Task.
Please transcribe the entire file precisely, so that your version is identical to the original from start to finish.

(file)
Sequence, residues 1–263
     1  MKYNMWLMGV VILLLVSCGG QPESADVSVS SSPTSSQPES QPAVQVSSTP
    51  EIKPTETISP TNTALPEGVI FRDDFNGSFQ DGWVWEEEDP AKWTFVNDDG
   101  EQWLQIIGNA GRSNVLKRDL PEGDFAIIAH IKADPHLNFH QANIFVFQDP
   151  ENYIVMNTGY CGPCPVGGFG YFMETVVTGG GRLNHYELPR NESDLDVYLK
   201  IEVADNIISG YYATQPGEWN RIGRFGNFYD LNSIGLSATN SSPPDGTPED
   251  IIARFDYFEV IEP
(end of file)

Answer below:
Sequence, residues 1–263
     1  MKYNMWLMGV VILLLVSCGG QPESADVSVS SSPTSSQPES QPAVQVSSTP
    51  EIKPTETISP TNTALPEGVI FRDDFNGSFQ DGWVWEEEDP AKWTFVNDDG
   101  EQWLQIIGNA GRSNVLKRDL PEGDFAIIAH IKADPHLNFH QANIFVFQDP
   151  ENYIVMNTGY CGPCPVGGFG YFMETVVTGG GRLNHYELPR NESDLDVYLK
   201  IEVADNIISG YYATQPGEWN RIGRFGNFYD LNSIGLSATN SSPPDGTPED
   251  IIARFDYFEV IEP